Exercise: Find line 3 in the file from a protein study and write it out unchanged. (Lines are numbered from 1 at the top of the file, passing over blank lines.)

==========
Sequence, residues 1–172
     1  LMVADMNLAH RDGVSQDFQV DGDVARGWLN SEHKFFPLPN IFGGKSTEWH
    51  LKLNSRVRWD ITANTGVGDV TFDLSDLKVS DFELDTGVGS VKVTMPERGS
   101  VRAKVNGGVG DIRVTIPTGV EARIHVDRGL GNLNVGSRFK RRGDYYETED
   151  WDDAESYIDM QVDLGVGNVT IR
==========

    51  LKLNSRVRWD ITANTGVGDV TFDLSDLKVS DFELDTGVGS VKVTMPERGS